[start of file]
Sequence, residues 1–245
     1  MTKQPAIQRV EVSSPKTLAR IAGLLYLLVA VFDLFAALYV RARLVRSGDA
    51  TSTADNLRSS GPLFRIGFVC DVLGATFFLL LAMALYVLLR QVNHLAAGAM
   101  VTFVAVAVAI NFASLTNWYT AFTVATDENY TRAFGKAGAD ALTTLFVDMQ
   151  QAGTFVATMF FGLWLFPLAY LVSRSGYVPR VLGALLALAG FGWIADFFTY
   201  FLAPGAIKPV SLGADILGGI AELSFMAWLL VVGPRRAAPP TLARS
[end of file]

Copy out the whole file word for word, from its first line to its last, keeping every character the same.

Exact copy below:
Sequence, residues 1–245
     1  MTKQPAIQRV EVSSPKTLAR IAGLLYLLVA VFDLFAALYV RARLVRSGDA
    51  TSTADNLRSS GPLFRIGFVC DVLGATFFLL LAMALYVLLR QVNHLAAGAM
   101  VTFVAVAVAI NFASLTNWYT AFTVATDENY TRAFGKAGAD ALTTLFVDMQ
   151  QAGTFVATMF FGLWLFPLAY LVSRSGYVPR VLGALLALAG FGWIADFFTY
   201  FLAPGAIKPV SLGADILGGI AELSFMAWLL VVGPRRAAPP TLARS